Mobility managers are often tasked to facilitate and manage carpools. Carpools are an integral of a TDM strategy to reduce traffic congestion and parking demand. There are many societal, organizational and personal benefits to carpools, which we will cover elsewhere.
This series will discuss different aspects of running a successful program that maximizes the participants’ satisfaction and minimizes the negatives sometimes associated with the experience. We will focus our attention on the carpool itself, from the time the carpool begins each day, to the time it ends.
Feel free to forward this post link or copy and paste our text into your circulars to your carpoolers (with attribution, please: “Courtesy of the H2H2H Foundation at www.h2h2h.org.)
Rules of the Road
Carpool program members need to make some basic decisions about how the carpool will operate on a day-to-day basis. Agreement on these points is critical to long term success of each carpool and the satisfaction of the participants. Carpool members often bail out because these details – these “Rules of the Road” – haven’t been agreed-upon in advance. When enough members quit, the carpool collapses.
It’s better if mobility managers don’t mandate Rules of the Road for the entire program, but rather, present them as decision points for each pool. A program with numerous pools can have widely varying sets of self-imposed rules; it’s not a one-size-fits-all experience.
We do offer our “recommendations” as we proceed, however. Since carpooling is an “experience”, let’s break these up these considerations into the way we experience anything: through our perceptions and senses.
No Sensory Overloads
Here’s the scene: A carpool places several people in close proximity to each other, certainly an immediate violation of most people’s personal space. Carpool participants may not know each other well – or at all. All are locked in a small, containerized metal box (car) for up to two hours during the commute. Their freedom of movement is extremely limited. Each participant brings to the carpool their concerns for the day left behind at home and the workday ahead.
Since humans are societal animals, senses and perception are heightened under these conditions. Everyone is on edge, not necessarily in a disturbed or negative way, but in a manner that could become so. Since the senses are on high alert, far less stimulus is required to agitate an individual or the group. Finally, let’s remember that many of us are not at our best first thing in the morning or after a hard day of work.
Therefore, we’re not suggesting sensory deprivation here, but rather, sensory conservation. The point: Let’s not overstimulate everyone.
1. Time – Humans perceive the passage – and value of – time. An effective carpool sets a schedule and sticks to it, unless the unanticipated occurs. It’s important for each individual in the group to express his/her time concerns in the carpool planning stage (e.g., “I need to pick up a child in day care no later than 6 p.m.” – or – “I have to be at my desk everyday by 9 a.m.”).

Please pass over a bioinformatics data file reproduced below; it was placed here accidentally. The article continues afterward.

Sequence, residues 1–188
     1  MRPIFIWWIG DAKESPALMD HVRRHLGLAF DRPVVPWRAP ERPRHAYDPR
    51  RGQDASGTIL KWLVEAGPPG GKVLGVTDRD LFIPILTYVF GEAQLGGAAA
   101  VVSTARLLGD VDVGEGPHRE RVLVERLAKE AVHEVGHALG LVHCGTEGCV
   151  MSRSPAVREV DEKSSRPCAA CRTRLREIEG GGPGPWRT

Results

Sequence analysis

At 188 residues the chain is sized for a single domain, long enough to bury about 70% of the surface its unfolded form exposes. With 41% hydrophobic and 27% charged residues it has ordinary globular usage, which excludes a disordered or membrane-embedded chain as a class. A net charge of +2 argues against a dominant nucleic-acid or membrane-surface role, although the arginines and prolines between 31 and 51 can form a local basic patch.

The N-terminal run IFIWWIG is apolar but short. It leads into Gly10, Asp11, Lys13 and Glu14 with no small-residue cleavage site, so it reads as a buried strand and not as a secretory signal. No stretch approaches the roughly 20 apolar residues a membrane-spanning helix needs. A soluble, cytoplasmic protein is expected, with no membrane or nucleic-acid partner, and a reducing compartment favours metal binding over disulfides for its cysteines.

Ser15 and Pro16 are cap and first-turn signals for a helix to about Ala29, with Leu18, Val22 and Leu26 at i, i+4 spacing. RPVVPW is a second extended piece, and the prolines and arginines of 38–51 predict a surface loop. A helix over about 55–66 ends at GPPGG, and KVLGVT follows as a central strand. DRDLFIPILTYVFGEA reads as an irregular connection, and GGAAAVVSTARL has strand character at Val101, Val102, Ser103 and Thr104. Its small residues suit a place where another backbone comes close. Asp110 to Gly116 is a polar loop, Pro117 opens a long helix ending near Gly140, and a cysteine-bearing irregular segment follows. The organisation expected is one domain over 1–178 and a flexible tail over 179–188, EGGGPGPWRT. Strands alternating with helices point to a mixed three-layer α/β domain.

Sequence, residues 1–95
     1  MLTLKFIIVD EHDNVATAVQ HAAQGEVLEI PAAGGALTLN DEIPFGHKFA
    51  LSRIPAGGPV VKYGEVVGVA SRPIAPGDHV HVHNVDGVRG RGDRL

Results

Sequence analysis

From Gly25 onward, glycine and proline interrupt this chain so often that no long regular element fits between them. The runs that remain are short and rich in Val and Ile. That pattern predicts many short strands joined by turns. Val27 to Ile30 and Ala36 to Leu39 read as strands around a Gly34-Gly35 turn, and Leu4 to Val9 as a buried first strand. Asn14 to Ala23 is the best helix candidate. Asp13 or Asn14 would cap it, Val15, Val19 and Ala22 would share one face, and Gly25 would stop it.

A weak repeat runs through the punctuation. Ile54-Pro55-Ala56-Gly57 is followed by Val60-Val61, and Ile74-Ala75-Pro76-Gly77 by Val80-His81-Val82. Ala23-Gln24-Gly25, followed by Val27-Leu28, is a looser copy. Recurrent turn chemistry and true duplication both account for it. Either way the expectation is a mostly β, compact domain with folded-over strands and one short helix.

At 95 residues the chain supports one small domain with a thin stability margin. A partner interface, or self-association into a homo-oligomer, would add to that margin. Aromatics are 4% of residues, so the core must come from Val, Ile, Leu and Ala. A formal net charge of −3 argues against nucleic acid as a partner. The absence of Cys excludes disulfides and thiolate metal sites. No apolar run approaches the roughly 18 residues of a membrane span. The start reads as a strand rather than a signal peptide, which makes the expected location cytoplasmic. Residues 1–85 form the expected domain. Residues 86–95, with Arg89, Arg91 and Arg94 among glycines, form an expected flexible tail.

The Rule for the Road here is that the carpool should manage its time well. This means no unnecessary stops during the carpool journey. This begins with the driver for the day ensuring the carpool vehicle is clean, gassed up, and ready to roll before the carpool day begins.
Everyone should be punctual – drivers and riders – no one should wait more than a few minutes past the appointed pickup times without an update to the group. If there is a change to the schedule, such as vacations or family gatherings, it is the responsibility of the individual who will not be participating in the carpool for a time to advise the group. Social media and text groups are an efficient way to communicate these temporary changes.
Participants should plan their personal time so that it should rarely – or never- be necessary for the carpool to stop for the needs of one party. For example, it’s helpful if everyone addresses their restroom needs before entering the carpool. The carpool should only make a “pitstop” if all agree.
Yet some flexibility and common sense is required. If someone forgot milk is needed for a child at home, well, okay. Pick up dry cleaning? Maybe not. Participants should seek the approval of the group, not just the driver, if an unplanned stop is to be made.
Carpoolers should remember that always saying yes to requests for nonessential stops sets a precedent. Always saying no also sets a precedent, as riders may find themselves needing to stop someday.
Did we miss anything? Please let us know in your comments below.
Hop these links to our Carpooling “Rules of the Road” series:
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